Upon experiencing the trauma of finding out that your partner is a sex addict, you will likely be grieving the loss of your relationship as it once was. You may have feelings of emotional numbness.
At other times, you may feel rage and sadness. The important thing is to seek help from a therapist experienced in treating sex addiction, as well as to connect with other partners who are able to relate to your experience, either through group therapy, or a 12-step group such as S-Anon or COSA.
Detachment is an important skill to learn. This does not mean that you put up walls and defenses. Instead, you take the time and space to heal from what has happened, by setting boundaries and focusing on yourself.
Detachment does not mean that you don’t care anymore; in fact, quite the opposite is true: Detachment is about learning to embrace having your reaction to the situation, and then responding in a way that evidences your self-care and healthy boundaries.
Placing the focus entirely on the addict and avoiding caring for yourself is an unhealthy coping method, though it can be a normal first response to discovering that your partner is a sex addict. With addiction, placing this kind of focus on the addict is not helpful for the partner nor the addict. It will allow the illness to consume both of your lives.
In recovery, we focus on ourselves and the healing process, while developing new, healthier coping tools. Finding your center and connecting with your spirituality in a supportive environment is a crucial piece of the puzzle. Engaging in healthy behavior patterns by cultivating positive activities and behaviors in your life is an achievable goal.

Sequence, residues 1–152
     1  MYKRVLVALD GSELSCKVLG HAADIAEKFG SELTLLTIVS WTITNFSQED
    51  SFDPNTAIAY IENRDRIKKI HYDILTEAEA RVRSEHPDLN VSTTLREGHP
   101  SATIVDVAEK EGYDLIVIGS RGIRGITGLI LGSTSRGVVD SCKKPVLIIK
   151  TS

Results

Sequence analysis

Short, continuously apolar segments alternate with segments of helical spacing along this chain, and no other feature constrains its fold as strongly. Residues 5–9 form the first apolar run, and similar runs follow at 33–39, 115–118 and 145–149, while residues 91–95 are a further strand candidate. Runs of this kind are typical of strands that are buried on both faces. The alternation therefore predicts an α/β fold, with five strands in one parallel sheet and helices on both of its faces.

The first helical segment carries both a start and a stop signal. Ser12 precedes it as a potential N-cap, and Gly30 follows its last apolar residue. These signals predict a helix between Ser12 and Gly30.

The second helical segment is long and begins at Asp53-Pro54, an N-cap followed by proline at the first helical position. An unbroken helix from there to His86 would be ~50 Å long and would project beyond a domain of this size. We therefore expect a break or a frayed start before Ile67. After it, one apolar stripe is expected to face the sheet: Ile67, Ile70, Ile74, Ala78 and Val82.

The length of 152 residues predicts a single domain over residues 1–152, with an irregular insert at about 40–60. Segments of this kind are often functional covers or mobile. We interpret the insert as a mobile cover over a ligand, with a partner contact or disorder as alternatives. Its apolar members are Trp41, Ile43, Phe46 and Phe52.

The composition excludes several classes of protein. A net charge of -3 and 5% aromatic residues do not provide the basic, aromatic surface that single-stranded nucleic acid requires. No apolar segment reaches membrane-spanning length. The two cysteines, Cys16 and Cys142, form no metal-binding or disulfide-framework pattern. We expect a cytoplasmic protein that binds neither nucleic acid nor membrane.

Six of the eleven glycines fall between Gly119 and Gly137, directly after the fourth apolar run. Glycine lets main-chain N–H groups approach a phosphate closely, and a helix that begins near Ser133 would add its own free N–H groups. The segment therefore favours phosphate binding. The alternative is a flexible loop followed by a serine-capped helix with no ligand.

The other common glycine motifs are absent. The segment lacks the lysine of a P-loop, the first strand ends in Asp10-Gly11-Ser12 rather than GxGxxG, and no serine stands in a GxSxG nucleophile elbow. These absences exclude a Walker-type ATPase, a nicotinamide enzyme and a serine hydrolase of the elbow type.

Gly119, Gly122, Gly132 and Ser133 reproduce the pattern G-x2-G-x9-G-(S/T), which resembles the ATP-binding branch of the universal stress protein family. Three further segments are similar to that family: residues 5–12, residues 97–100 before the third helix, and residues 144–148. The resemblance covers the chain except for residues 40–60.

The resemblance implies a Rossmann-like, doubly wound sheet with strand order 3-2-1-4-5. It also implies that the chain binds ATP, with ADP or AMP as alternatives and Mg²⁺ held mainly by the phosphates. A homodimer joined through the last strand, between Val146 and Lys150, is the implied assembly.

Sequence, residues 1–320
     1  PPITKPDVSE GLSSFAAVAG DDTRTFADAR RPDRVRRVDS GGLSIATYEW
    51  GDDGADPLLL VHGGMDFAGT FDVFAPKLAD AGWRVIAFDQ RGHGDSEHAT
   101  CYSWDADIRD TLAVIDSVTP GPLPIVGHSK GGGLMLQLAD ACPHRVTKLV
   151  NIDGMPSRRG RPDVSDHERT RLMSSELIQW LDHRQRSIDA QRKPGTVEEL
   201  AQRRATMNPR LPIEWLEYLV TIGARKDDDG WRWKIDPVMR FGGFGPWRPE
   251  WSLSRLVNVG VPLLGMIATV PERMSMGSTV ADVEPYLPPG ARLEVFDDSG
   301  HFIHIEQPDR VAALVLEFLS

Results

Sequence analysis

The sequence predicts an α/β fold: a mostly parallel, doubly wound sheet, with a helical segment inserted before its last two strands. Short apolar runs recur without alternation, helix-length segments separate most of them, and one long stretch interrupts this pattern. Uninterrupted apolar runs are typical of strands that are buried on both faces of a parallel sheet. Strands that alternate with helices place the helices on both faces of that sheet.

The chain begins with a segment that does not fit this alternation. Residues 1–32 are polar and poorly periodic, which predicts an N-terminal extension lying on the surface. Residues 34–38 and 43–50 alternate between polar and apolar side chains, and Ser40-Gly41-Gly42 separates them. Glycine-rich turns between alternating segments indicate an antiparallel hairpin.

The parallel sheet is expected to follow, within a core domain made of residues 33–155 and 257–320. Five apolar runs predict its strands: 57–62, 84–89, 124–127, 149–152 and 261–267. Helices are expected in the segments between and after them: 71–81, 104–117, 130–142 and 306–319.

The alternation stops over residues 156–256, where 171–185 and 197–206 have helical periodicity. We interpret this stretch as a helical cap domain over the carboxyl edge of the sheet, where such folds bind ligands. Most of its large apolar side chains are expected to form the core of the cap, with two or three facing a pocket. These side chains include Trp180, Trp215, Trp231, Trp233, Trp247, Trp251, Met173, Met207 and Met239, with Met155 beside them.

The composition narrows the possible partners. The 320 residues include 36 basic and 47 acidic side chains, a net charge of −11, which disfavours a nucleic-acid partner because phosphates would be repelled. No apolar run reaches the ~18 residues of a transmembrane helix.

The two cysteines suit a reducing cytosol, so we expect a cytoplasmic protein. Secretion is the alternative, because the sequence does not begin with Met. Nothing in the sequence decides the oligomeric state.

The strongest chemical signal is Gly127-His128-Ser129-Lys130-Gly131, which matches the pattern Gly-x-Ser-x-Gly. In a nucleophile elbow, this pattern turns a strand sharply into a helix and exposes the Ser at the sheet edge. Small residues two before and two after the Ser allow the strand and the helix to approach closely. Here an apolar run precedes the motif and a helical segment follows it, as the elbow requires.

Addicts manipulate and shift attention from the behaviors they wish to keep secret when they are in active addiction. Over the course of time, these manipulations can be damaging to your self-esteem.
A major step in recovery is understanding that the addiction your partner has is not about you, and it is not your job to manage his or her recovery. In the recovery process, we learn to stop blaming and controlling others, risk trusting, and grieve our losses in a way that promotes emotional wholeness.
Whether you choose to stay in or leave the relationship, it is important to look at the addictive dynamics and the underlying causes that are present in the partnership. Being kind to yourself will be your greatest ally in recovery.
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Last reviewed: By John M. Grohol, Psy.D. on 27 Dec 2013
Published on PsychCentral.com. All rights reserved.
Katehakis, A. (2013). Coping with Your Partner’s Sex Addiction. Psych Central. Retrieved on December 21, 2014, from http://psychcentral.com/blog/archives/2013/12/27/coping-with-your-partners-sex-addiction/